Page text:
After leaving the mujahideen and saying good-bye to Rasoul and Brockunier, Dennis and I make our way into the sprawling camps along the Pakistani border. There are 5 million refugeesâone-third of the Afghan populationâliving in horrid conditions, many without so much as a ragged tent over their heads. This is the unseen horror of the Cold War as it's played out around the world. The Soviets invade Afghanistan as a pushback to American influence in Pakistan.
The Americans then push back against communist expansionism. Innocent people get hurt. Lots of them. I am thirty-seven years old and have been in some rough places, but this is human suffering beyond anything I have ever witnessed or even imagined. It sickens me. Angers me. Makes me want to cry. And it strengthens my resolve to tell this story.
We film improvised burial grounds, where bodies are stacked atop one another and covered with dirt and large stones. They surround the edges of the camps like anthills. Those who survive cling to life with incredible determination, refusing to succumb to the diseases that spread like fire. More victims pour into the overwhelmed treatment centers every day. This is where we find Mahmoud and the other wounded Afghan children. We are here for three days, rushing to complete our filming in the camps and main refugee hospital before we fly home. In all, we have been gone less than a month, but it feels like a lifetime.
Mahmoud in Refugee Hospital, Pakistan, 1986.
Back in Boston, we air a series of reports entitled “Afghanistan, the Untold Story.” I knew this was powerful stuff, but I never dreamed the response would be so overwhelming. Viewers throughout New England rally to the cause. Schoolchildren launch class projects, draw pictures for the children in the camps, and mail them with bags of coins from their piggy banks. Viewers form groups to collect donations of food, clothing, and medical supplies, which Brockunier ships directly to the refugee hospital where we found Mahmoud. New England hospitals offer their facilities, time, and services. Airlines agree to fly in dozens of war-wounded children for world-class medical treatment. Our viewers open their homes to family members accompanying the Afghan children as they arrive in Boston for eye surgery, prosthetic devices, and burn treatments. Mahmoud is on the very first flight and will soon be cared for at the Shriner's Burn Institute. I cover it all, with a new story almost every night. More than ever before, it makes me feel like what I do for a living is making a difference in the world.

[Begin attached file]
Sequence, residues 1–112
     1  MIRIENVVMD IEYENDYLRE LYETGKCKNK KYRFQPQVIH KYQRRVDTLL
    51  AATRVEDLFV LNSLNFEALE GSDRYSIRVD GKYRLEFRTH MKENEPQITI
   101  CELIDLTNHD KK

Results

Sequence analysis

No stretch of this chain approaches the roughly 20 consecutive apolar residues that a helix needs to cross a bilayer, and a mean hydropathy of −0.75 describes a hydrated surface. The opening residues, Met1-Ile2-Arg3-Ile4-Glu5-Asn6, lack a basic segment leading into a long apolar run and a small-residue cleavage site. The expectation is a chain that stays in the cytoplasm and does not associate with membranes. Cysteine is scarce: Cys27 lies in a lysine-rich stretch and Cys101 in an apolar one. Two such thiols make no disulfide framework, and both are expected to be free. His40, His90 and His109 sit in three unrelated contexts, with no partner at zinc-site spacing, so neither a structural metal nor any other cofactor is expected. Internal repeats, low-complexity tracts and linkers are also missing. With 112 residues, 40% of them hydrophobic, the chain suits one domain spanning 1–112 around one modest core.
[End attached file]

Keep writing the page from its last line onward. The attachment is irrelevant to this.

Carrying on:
Over the next few months, I'm periodically sent on the road to other major stations of Group W, which owns WBZ, and I broadcast the reports from Philadelphia to San Francisco, appearing on talk shows and giving public speeches. One morning, shortly after I return to Boston, Stan calls me into his office to tell me our work has been given a Columbia-DuPont Award. I don't even know what the award is until he explains it's the broadcast equivalent of the Pulitzer Prize.